- It is consistent: for any non-null reference values
y, multiple invocations of
trueor consistently return
false, provided no information used in
equalscomparisons on the objects is modified.
- For any non-null reference value
equals method for class
Object implements the most discriminating possible equivalence
relation on objects; that is, for any non-null reference values
y, this method returns
true if and only if
y refer to the same object (
x == y has the value
Note that it is generally necessary to override the
hashCode method whenever this method is overridden,
so as to maintain the general contract for the
hashCode method, which states that equal objects must have
equal hash codes.
trueif this object is the same as the obj argument;
If two task factories equal, then their returned environment selectors should equal as well.
If an environment selector fails to find a suitable environment, then an exception instance of TaskEnvironmentSelectionFailedException will be thrown by the build system and the build execution will abort.
The default implementation returns a selector which enables the task to use any build environment.
The invocation configuration defines the nature of how the task executor should run the build task. See the properties of TaskInvocationConfiguration get familiar with possible configurations.
Computation tokens are used to prevent thrashing of the execution machine when too many concurrent operations are running. A computation token represents one unit of computational operation that uses one CPU thread on 100%. This method returns the average number of computation tokens the task uses during its execution. The task will start to run when the requested number of tokens are available for it.
If a task returns
> 0 amount of computation tokens then a restriction is placed on them that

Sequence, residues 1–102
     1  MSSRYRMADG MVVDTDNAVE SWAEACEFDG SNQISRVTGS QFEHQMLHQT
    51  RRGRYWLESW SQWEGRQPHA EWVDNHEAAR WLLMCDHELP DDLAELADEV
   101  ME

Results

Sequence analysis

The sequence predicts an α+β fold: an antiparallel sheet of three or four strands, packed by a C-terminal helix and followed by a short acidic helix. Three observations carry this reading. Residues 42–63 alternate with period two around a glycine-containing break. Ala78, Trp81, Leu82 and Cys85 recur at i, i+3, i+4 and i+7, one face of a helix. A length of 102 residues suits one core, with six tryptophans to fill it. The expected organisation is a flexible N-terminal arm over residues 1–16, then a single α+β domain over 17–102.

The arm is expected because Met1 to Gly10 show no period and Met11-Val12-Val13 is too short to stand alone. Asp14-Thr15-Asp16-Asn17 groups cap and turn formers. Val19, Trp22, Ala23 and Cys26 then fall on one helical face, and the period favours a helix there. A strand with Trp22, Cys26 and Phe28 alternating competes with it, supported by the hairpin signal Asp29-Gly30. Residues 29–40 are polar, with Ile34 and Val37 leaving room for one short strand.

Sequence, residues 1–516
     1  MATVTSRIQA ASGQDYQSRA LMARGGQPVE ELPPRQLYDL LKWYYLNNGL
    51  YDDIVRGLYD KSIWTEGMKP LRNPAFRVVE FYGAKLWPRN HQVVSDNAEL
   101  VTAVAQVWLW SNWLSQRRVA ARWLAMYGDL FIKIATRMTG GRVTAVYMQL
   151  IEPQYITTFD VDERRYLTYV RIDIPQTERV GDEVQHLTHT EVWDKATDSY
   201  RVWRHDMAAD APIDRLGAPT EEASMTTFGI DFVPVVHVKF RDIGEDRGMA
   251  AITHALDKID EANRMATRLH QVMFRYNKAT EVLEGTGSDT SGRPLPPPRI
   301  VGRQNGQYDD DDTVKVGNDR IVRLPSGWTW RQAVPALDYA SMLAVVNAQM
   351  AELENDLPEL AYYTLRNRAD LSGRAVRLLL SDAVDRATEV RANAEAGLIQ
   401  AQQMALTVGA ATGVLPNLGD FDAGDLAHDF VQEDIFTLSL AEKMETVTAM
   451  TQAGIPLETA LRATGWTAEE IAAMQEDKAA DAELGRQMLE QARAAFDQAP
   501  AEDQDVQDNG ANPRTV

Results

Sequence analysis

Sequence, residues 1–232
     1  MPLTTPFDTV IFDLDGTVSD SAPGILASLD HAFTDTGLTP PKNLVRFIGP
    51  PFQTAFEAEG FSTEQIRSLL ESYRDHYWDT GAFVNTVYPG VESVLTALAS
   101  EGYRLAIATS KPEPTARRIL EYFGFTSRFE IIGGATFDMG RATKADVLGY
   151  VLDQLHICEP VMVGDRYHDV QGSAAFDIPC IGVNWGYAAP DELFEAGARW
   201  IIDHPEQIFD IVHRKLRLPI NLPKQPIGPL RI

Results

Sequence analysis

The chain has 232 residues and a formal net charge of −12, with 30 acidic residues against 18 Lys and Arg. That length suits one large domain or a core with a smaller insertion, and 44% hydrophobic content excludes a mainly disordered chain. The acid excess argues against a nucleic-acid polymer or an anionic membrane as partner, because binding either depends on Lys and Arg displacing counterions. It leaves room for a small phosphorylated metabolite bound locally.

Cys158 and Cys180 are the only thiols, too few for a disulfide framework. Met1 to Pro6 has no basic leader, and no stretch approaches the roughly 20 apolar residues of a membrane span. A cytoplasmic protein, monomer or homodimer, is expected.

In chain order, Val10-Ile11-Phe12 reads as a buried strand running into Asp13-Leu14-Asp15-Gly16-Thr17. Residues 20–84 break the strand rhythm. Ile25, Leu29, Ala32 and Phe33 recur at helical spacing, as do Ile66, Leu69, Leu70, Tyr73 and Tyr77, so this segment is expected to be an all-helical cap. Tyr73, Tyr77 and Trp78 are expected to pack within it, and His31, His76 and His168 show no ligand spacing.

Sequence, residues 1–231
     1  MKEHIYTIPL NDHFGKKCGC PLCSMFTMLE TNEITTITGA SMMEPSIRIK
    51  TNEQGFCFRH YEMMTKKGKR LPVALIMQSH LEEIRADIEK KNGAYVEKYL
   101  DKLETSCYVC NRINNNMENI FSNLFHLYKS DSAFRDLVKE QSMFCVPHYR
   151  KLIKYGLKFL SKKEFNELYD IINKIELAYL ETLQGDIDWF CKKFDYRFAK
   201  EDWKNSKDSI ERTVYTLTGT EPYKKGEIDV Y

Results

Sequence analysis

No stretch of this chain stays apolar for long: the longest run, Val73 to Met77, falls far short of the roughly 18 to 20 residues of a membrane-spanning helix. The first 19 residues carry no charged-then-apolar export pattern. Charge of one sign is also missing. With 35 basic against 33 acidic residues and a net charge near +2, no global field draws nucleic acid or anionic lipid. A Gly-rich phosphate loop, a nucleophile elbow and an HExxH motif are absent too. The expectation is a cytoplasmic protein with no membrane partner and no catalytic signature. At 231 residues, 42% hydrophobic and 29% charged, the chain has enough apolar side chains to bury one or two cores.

they can't wait for other tasks in the build system. This is in order to prevent involuntarily deadlocking the
(Reasoning: Tasks will not start execution until they can allocate the required amount of computation tokens for themselves. If a tasks attempts to wait for a task which cannot start due to not being able to allocate enough computation tokens will deadlock the build execution, although they could probably finish if computation tokens didn't exist. Implementing active deadlock detection for this behaviour is not deemed to be feasible, so the above restriction is placed on tasks which require computation tokens.)
If your task really needs to wait for an input task then we recommend waiting for them in a parent task and start the actual computation in a sub-task with computation tokens. Dependencies on input tasks can be specified by using the finished retrieval methods of the task futures which do not require waiting for the subject task.
The default implementation returns 0, meaning no computation tokens requested.
The general contract of
- Whenever it is invoked on the same object more than once during an execution of a Java application, the
hashCodemethod must consistently return the same integer, provided no information used in
equalscomparisons on the object is modified. This integer need not remain consistent from one execution of an application to another execution of the same application.
- If two objects are equal according to the
equals(Object)method, then calling the
hashCodemethod on each of the two objects must produce the same integer result.
- It is not required that if two objects are unequal according to the
Object)method, then calling the
hashCodemethod on each of the two objects must produce distinct integer results. However, the programmer should be aware that producing distinct integer results for unequal objects may improve the performance of hash tables.
As much as is reasonably practical, the hashCode method defined by class
Object does return distinct
integers for distinct objects. (This is typically implemented by converting the internal address of the object
into an integer, but this implementation technique is not required by the Java™ programming language.)